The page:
Easy blueberry cobbler in a cast iron skillet
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My mother has a signature peach cobbler dish anytime potluck is required and it’s an often-requested recipe. She always says, “It’s simple, just dump in a cup of everything.” What started out as my grandmother’s peach cobbler has become my go-to for fruit or berry cobbler.

It’s more cake than pie or pastry, a dump cake recipe really. I added spices and learned to use whatever fruit is ripening or leftover, but it remains an easy, rich, Southern-style dessert for any occasion or a random supper. You can almost always make it with pantry staples, as long as you keep canned fruit in the pantry.

We prefer it warm with ice cream on top. It’s also great with whipped cream, creme fraiche, or dark or white chocolate drizzled over the top. You can add extra fresh fruit, or coulis, or compote. See what I mean? The options are endless.

Recipe Notes –

  • IMPORTANT SAFETY NOTE – When removing browned butter from the oven and pouring in batter, be very careful. Use protective oven mitts and hold away from your face. Treat it as you would any hot oil.
  • You can use any baking dish. The bigger the dish, the shallower the cobbler will be. If you go as large as 9X13, start checking after 40 minutes.
  • My batter is brownish because I used raw sugar. If you use regular white sugar, yours will be lighter and will brown a little lighter (which is fine, there’s no difference in the taste).
  • No dish prep is needed, the butter will see that nothing sticks.
  • You can use salted butter and omit the salt, but it will be really salty. My kids love it this way, it’s far too salty for me.
  • This is a great recipe for camping in a large Dutch oven.
  • Spices are optional and quantities are up to you – likewise vanilla extract. You can use any flavor of extract you like or none at all. I think an orange cobbler with lime extract will be next on my list.
  • Use any fruit and you can use as much or little solid fruit you like as long as you have the correct amount of liquid. I’ve even used a can of fruit cocktail in a potluck pinch.
  • The 1/2 cup of juice can be the juices from canned fruit, the juices from fresh or frozen fruit, fruit juice, or simply fruit puree if you like things less sweet.
  • You can leave out the juice if you like, the result will be a delicious fruit cake, not quite as sweet. The juice makes it gooey and sticky and richer.
  • The timing is variable, dependent upon your oven and the type of fruit you use, so start watching at around 30 minutes and cook it until the cake looks like the picture, a deep golden brown. (This should give you crispy butter-fried edges so if you prefer a softer cake, bake it less.) It will pull away from the sides slightly when it’s done. Also, the darker the pan, the faster it will cook. You may need to take the temp down to 325F if you are using a black skillet.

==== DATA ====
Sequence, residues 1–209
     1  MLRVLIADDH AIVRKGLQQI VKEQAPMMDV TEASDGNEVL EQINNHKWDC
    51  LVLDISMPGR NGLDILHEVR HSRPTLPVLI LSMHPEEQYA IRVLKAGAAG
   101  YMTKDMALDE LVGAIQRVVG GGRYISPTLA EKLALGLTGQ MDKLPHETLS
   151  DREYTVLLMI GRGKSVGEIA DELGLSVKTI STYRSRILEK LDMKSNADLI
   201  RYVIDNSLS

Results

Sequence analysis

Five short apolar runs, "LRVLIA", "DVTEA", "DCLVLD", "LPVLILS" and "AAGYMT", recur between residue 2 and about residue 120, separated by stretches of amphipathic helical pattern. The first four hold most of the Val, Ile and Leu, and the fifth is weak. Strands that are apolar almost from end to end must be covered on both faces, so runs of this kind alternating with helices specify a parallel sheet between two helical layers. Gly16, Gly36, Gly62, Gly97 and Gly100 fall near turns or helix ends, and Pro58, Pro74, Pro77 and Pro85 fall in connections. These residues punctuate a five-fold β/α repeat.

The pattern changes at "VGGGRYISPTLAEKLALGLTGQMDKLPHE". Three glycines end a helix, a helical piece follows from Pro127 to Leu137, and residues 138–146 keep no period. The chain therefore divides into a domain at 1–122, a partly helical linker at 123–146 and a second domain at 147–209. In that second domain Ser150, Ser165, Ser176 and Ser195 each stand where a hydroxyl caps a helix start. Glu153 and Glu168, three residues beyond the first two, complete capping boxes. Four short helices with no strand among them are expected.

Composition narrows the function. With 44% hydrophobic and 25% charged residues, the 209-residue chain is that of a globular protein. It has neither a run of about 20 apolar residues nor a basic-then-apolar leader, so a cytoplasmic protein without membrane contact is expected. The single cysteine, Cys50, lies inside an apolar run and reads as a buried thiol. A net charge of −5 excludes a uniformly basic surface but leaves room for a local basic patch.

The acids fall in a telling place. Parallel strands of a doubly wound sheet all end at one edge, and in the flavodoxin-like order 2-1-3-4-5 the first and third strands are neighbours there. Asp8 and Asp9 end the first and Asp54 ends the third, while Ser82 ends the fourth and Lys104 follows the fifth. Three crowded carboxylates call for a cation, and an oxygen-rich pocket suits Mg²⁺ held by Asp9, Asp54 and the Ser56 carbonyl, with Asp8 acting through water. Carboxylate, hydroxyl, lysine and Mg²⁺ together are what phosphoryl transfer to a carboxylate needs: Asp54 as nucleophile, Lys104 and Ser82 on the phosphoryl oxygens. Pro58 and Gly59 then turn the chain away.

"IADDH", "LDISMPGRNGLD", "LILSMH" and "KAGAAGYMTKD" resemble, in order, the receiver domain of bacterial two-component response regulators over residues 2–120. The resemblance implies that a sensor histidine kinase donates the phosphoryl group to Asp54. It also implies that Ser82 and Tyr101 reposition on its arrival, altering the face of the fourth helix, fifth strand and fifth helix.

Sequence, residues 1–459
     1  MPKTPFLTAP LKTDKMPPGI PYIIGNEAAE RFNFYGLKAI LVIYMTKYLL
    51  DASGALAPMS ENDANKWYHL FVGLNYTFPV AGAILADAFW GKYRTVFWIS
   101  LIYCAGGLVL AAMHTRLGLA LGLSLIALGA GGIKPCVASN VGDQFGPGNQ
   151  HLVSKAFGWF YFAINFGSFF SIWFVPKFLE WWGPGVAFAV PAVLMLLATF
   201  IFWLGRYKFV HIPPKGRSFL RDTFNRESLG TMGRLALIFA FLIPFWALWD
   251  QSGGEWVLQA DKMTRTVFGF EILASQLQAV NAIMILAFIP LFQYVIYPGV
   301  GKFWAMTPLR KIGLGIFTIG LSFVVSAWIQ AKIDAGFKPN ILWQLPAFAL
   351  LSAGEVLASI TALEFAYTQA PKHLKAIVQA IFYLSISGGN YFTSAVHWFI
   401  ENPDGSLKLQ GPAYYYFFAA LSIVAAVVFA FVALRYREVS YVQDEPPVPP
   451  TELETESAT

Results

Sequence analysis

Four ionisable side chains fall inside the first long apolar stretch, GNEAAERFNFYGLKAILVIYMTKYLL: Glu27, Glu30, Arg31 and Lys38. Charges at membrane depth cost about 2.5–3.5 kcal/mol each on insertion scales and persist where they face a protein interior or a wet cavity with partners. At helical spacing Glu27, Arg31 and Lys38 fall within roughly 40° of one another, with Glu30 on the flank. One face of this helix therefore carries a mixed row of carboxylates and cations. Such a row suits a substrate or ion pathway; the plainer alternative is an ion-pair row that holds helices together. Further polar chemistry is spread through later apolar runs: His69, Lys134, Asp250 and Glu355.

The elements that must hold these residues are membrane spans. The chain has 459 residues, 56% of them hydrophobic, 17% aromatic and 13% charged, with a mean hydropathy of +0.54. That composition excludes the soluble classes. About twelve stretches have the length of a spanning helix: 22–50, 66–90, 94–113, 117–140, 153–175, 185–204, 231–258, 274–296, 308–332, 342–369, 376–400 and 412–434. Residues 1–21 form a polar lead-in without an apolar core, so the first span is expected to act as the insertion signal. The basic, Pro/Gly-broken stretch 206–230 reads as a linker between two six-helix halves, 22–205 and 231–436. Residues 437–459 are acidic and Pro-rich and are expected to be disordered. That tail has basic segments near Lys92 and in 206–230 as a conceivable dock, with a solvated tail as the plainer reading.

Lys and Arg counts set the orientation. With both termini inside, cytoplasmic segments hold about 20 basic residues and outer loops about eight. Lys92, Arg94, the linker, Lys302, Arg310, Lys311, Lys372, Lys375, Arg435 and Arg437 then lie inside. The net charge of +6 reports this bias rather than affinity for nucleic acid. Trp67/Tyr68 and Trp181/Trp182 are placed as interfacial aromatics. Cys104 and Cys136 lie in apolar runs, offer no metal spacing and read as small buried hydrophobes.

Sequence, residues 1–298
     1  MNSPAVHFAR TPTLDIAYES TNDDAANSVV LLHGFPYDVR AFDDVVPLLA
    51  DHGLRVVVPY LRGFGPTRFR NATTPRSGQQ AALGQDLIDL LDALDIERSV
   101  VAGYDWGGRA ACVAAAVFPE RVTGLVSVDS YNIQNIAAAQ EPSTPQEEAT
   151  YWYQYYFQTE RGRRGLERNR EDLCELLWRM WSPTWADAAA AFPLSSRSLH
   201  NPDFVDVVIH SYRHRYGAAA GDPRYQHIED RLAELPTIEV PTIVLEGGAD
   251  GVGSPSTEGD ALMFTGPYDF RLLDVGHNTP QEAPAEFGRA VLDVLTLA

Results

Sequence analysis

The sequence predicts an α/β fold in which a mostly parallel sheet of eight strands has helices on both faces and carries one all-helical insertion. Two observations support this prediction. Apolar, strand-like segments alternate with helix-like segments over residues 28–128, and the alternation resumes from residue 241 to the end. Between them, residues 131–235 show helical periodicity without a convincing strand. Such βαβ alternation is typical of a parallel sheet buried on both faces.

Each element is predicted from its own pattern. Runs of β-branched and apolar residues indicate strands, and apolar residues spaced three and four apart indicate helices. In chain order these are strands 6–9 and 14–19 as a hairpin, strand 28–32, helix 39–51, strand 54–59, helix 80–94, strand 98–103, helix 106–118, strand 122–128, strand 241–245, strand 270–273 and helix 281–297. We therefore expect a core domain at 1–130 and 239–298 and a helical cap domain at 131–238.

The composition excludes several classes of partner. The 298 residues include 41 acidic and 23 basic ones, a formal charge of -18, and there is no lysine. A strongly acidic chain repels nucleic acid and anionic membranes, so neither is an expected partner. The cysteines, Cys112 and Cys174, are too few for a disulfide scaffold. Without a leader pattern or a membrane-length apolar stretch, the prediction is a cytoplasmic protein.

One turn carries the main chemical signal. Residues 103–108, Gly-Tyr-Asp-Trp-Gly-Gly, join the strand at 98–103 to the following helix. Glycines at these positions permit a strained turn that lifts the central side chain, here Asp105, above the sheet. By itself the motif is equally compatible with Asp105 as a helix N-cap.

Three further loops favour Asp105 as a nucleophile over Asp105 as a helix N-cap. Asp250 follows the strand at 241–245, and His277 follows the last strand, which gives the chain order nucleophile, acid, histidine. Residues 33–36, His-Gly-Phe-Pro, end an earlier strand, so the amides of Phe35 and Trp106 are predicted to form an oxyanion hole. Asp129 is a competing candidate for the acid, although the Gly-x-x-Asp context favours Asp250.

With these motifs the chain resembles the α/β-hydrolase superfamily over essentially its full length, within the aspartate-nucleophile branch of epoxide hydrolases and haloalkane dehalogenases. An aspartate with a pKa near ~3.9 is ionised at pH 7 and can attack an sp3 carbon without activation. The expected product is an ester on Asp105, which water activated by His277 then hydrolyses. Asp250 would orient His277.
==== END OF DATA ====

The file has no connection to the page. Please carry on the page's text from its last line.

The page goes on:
• Let it cool a bit, hot sugar and butter will burn you.
  • You may be able to use less sugar, dependent upon how sweet you like your desserts and how sweet your fruit and juices are.
  • If you have time to brown the butter, you can simply melt it instead.
  • You’ll know the butter has started to brown when you hear it start to make faint popping sounds (helpful if you’re using a dark skillet).

Simple Fruit Cobbler

A simple, adaptable fruit cobbler recipe from common pantry ingredients.
Prep Time10 minutes
Cook Time1 hour
Total Time1 hour 10 minutes
Course: Dessert
Cuisine: American
Servings: 8


  • 1/2 cup butter unsalted or omit the salt
  • 1 cup all purpose flour spooned and leveled
  • 1 cup sugar
  • 1 tsp baking powder double acting
  • 1 tsp ground cinnamon or apple pie spice optional
  • 1 pinch nutmeg optional
  • 1 pinch allspice optional
  • 1/2 tsp table salt or 1 tsp Kosher salt
  • 1 tsp vanilla
  • 1/2 cup fruit juice from can or fruit – see note
  • 1 cup milk
  • 1.5 cups fruit frozen, fresh, or canned – see note


  • Place butter in a casserole, large over-proof skillet, or baking dish in center of oven. Preheat to 350F. Heat until butter is melted completely and lightly browned (see photo).
  • While butter is melting, stir or whisk together dry ingredients. Stir in milk and vanilla, small lumps are fine. Set aside to rest until butter is browned.
  • When butter is ready, carefully remove dish from oven and pour in batter. It is a loose batter, don't mix it with the butter. Do not stir once it's in the baking dish.
  • Gently pour fruit juice around the dish, then position fruit gently and spaced evenly, onto top of batter. Do not stir or mix.
  • Carefully place dish back in the oven – remember, it's hot. Bake 45-75 minutes until golden brown on top and cooked through (see notes regarding time). Start checking at 45 minutes. It's done when it is brown and begins to pull away from the sides (see photo). The center will wobble a bit until it cools.
  • Let sit at least 15 minutes before serving. Serve warm or at room temperature. 

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